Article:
Prediction: Jennifer Lopez, Hustlers
Best Supporting Actor
While Robert De Niro was left out of the lead-acting race, The Irishman ensemble is still well represented as Al Pacino and Joe Pesci battle against one another in this category. Tom Hanks landed his 10th Golden Globe nomination for his delightful turn as Mister Rogers in A Beautiful Day in the Neighborhood (the film's only nod from the HFPA), and he'll also be honored with the evening's honorary Cecil B. DeMille lifetime achievement award. But it's likely Brad Pitt who will speed into the winner's block, which would mark the 55-year-old's first Globe win since 1995's Twelve Monkeys.
Prediction: Brad Pitt, Once Upon a Time in Hollywood
Unlike the Oscars, the Globes does not differentiate between original and adapted screenplays, which means original works from Noah Baumbach (Marriage Story), Quentin Tarantino (Once Upon a Time in Hollywood) and Bong Joon Ho (Parasite) will compete against The Irishman, which Steve Zaillian adapted from Charles Brandt's 2004 novel I Heard You Paint Houses, and The Two Popes, which Anthony McCarten adapted from his own 2017 play. It's the three "originals" that stand the best shot here, and expect this to be Marriage Story's time to shine.
Steve Zaillian, The Irishman
Noah Baumbach, Marriage Story
Quentin Tarantino, Once Upon a Time in Hollywood
Bong Joon Ho, Parasite
Anthony McCarten, The Two Popes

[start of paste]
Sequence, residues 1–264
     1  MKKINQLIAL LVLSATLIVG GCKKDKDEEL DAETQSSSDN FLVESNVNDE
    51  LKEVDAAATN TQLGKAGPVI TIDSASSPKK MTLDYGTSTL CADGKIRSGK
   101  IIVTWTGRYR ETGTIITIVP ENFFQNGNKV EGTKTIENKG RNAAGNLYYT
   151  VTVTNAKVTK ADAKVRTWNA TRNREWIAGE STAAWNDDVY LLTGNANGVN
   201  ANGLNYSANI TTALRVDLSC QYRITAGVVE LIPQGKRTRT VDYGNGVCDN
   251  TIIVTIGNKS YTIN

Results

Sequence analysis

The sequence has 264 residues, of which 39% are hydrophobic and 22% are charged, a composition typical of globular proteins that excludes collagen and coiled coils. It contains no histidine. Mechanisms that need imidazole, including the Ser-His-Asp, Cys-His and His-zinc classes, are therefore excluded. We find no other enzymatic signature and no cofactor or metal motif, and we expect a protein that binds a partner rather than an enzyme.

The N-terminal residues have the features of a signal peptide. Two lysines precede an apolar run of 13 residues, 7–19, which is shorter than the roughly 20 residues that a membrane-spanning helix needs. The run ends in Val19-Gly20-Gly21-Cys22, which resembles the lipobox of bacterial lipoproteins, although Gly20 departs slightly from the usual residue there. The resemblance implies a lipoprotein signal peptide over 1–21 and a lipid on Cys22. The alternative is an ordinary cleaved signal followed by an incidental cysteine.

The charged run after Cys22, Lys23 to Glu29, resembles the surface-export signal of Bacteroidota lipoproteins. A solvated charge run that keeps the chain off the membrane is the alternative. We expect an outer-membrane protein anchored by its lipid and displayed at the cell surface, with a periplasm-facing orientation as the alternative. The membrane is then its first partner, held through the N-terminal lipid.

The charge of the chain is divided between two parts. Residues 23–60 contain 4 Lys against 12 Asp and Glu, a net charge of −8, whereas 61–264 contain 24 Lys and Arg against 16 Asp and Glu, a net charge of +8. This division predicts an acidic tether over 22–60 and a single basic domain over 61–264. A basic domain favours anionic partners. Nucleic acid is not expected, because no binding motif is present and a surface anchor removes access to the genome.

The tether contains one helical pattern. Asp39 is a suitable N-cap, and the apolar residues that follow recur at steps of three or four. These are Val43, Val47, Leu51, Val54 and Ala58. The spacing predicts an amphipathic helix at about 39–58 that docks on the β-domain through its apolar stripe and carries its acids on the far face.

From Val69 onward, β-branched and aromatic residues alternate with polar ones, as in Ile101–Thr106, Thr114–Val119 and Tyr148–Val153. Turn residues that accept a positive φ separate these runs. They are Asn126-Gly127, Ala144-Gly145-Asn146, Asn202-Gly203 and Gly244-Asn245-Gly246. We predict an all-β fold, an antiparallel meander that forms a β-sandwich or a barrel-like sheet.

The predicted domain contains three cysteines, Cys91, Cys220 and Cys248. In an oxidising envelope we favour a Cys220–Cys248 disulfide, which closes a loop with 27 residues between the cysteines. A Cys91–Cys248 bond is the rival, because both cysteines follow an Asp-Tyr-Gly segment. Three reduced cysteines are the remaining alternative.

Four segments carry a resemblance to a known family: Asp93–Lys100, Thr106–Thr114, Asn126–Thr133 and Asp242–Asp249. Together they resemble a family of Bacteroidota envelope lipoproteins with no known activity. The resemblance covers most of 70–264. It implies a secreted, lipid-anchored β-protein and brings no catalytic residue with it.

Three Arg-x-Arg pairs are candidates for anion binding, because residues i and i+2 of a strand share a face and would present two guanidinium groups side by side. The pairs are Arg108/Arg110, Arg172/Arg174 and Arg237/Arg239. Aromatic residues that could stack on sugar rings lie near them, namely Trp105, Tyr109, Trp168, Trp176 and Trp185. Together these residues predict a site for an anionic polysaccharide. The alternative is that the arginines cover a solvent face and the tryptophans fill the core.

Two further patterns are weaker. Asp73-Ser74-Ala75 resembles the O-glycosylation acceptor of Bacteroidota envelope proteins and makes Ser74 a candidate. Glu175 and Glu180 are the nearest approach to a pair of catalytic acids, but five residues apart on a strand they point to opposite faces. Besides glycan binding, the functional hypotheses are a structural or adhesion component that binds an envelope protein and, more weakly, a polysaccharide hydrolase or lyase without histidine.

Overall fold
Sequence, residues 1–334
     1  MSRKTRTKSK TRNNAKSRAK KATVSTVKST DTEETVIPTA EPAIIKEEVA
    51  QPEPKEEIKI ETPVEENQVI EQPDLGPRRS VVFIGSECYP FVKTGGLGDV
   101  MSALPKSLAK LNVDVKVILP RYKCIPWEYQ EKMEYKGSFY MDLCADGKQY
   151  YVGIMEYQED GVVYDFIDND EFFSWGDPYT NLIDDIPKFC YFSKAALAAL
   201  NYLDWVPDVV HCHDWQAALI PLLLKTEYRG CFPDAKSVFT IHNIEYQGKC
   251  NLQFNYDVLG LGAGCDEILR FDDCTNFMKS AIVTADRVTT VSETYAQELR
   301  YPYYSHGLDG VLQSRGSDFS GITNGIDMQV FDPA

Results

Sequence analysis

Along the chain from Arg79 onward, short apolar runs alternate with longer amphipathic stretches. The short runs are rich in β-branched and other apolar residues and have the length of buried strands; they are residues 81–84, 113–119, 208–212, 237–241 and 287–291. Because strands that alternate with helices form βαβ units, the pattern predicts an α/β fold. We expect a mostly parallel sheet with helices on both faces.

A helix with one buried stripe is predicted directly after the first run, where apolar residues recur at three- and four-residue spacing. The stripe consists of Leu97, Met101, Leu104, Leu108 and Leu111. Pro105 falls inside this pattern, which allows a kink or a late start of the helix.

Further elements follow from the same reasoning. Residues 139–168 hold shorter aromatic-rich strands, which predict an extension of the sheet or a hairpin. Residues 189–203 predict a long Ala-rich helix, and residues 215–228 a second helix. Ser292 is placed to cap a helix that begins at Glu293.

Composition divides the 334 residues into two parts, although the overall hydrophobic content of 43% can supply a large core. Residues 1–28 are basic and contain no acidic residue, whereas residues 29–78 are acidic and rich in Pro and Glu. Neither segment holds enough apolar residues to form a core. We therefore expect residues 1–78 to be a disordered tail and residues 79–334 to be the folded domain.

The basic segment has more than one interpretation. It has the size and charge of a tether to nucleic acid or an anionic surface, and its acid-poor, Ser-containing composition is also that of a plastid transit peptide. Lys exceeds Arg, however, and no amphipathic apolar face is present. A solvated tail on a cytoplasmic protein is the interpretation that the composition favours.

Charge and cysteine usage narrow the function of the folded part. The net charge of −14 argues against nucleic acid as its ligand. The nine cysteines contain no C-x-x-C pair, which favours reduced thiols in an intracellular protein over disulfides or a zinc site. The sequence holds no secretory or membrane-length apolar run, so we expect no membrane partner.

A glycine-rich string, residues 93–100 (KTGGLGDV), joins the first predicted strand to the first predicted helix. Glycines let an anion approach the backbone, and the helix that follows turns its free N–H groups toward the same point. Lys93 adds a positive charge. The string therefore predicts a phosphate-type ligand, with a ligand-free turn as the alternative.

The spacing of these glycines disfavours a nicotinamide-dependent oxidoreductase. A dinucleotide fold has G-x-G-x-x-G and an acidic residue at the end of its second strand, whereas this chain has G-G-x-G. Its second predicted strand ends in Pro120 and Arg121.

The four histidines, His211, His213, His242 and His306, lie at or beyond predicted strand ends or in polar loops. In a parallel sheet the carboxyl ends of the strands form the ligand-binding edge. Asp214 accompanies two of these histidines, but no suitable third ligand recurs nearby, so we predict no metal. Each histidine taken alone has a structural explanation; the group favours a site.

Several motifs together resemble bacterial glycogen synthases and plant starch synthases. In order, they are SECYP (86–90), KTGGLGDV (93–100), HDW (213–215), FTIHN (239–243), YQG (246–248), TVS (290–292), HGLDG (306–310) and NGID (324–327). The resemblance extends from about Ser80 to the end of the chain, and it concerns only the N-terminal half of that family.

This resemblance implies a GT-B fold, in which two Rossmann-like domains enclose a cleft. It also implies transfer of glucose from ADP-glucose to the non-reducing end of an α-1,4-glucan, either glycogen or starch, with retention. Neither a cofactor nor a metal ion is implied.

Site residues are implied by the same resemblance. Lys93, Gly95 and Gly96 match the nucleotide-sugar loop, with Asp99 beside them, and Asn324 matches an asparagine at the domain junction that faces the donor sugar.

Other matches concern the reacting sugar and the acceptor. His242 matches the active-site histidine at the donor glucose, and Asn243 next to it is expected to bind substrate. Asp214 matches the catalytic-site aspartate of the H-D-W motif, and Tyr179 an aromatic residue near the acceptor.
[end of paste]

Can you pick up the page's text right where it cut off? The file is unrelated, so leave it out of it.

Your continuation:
Prediction: Noah Baumbach, Marriage Story
Best Animated Feature
The HFPA has weighed in on the debate over whether Jon Favreau’s CGI remix of The Lion King is a live-action or animated feature, giving the film an unexpected nomination among more traditional Pixar, Disney and DreamWorks fare: Toy Story 4, Frozen 2 and How to Train Your Dragon: The Hidden World, respectively. They're joined by Laika's box-office misfire Missing Link, which eclipsed the Netflix holiday play Klaus for the final slot. Expect Toy Story 4 to follow in the steps of Part 3 and net Pixar an eighth win over the 14 years this category has existed.
Prediction: Toy Story 4
Best Foreign Film
It's been an excellent year for international cinema, as evidenced by the nominees here — even if the inclusion of The Farewell has drawn some blowback. It's one of the best films of the year, no doubt, but it's about a Chinese-American New Yorker (Awkwafina) who visits her family overseas. In other words, it's an American drama that happens to be heavily subtitled. Regardless it's hard to see anything topping Parasite.
Pain and Glory
Portrait of a Lady on Fire
It's also been an excellent year for film scores, and heavy hitters up for the Globe include composers Alexandre Desplat (Little Women, 10 previous noms), Randy Newman (Marriage Story, six previous noms), and his cousin Thomas Newman (1917, three previous noms). And while neither Noah Baumbach or his partner Greta Gerwig made the cut in Best Director, their films are favorites here.
Prediction: Marriage Story
Best Original Song